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Tips for harvesting vegetables
*The picking of salad leaves is as important as the growing of them*
Good picking results in more even harvests off longer living plants. Here I offer answers to some important questions such as how big does a plant need to grow before leaves can be picked off it, can odd leaves be picked at random, and is it best to harvest leaves or hearts.
First, a few things to consider.
- A growing medium that is rich in compost will grow many more leaves than poor soil: see other posts for increasing soil fertility, or if using containers fill pots with fresh compost -most organic multipurpose works well, perhaps with some well rotted manure or home made compost at the bottom
- At a certain stage of maturity, outer leaves start to decay by losing colour and being nibbled by slugs. All such leaves want picking off whilst harvesting, to keep slug numbers down and to make subsequent harvests easier
- The presence of many poor quality leaves at a plant’s base indicates either poor soil or over maturity, or both
- Plants grow larger in summer than in winter so leaves from October to March mature at a smaller size and are more fiddly to pick. Indoor leaves have much better quality at this time
- Salads have seasons, meaning that some salad plants are easier to grow in spring and summer (lettuce, spinach, pea shoots, dill), some are easier in autumn (mizuna, rocket, mustards, endive), and only a few thrive in winter (land cress, lambs lettuce, winter purslane)
Charles picking lettuce for the sixth week, Freckles on right has one more pick to offer as stems elongate
photos Andrea Duncan
PICKING is most productive, over a long period, when salad plants are all given about nine inches in diameter (22cm) of space to grow, and have filled at least half of that space before picking begins, so that a strong root system has developed.
- At this stage you can pick a few of the larger leaves from around the base of plants, at the same time as pulling off any decaying or eaten leaves - and removing any slugs you find! Always leave the small central leaves because they are plants’ ‘engines of growth’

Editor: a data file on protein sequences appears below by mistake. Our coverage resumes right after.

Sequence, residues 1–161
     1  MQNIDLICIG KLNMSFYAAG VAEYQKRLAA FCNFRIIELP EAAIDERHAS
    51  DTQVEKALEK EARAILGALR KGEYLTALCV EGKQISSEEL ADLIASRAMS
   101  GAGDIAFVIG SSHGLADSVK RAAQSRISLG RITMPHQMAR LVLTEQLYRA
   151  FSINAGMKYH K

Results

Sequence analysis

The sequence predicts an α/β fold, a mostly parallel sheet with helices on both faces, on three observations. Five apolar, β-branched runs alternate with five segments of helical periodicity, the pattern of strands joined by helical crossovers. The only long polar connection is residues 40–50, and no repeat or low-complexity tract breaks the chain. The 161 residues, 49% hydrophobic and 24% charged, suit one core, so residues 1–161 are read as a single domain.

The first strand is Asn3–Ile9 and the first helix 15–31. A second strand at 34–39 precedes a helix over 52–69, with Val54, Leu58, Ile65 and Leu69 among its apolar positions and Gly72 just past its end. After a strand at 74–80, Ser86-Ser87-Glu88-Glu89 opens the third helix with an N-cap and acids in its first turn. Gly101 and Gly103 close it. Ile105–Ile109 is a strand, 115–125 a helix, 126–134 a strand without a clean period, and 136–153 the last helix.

- About a week later in summer, or twice that and more in winter, plants will have grown larger again and more leaves can be picked in the same way. This time there should be few if any decaying leaves so picking is quicker and easier.
- The number of pickings before plants rise to flower is variable, according to season, variety and sowing date. For example, lettuce sown in March can start yielding leaves in May and continue for ten weeks or more, while salad rocket sown in April will yield perhaps two harvests before flowering. Sow plants in season, grow them healthily, pick them carefully and you will be rewarded with leaves over long periods.
- Leaves from plants that are grown in healthy soil and compost, when rinsed and then kept cool and moist, will keep fresh and lively for several days after picking,so it is not necessary to harvest every day.
2 Other vegetables
The great thing about growing your own is the flexibility of being able to pick fresh vegetables, the downside is that sometimes vegetables need picking when you already have enough, peas and beans especially. Also, picking takes more time than people often realise.
Here is a brief guide to the harvesting needs of many common vegetables.
- Asparagus can be up to a foot (30cm) long and two thirds of that should be tender. In warm weather it is best picked every other day. Beetroot can be pulled at any size according to needs and likes, large ones have a bad reputation for woodiness but can be tender and tasty when grown in fertile soil.
- Beans mature quickly and need frequent picking, partly depending whether you want them small and tender or large and meatier. This applies to broad, french and runner beans, and they all go from tender to tough more quickly in hot weather.
- Brussels Sprouts are best picked when the adjoining leaf turns yellow and before too much yellow leaf is visible at their base. Blown or open ones are best picked small unless you want mini spring greens.
- Cabbage hearts can keep better once formed than if left on the plant where they may open to flower in summer or rot in frost in winter, except for savoys which survive most weather. Some spring cabbage never heart up, depending on variety partly, they just grow bigger.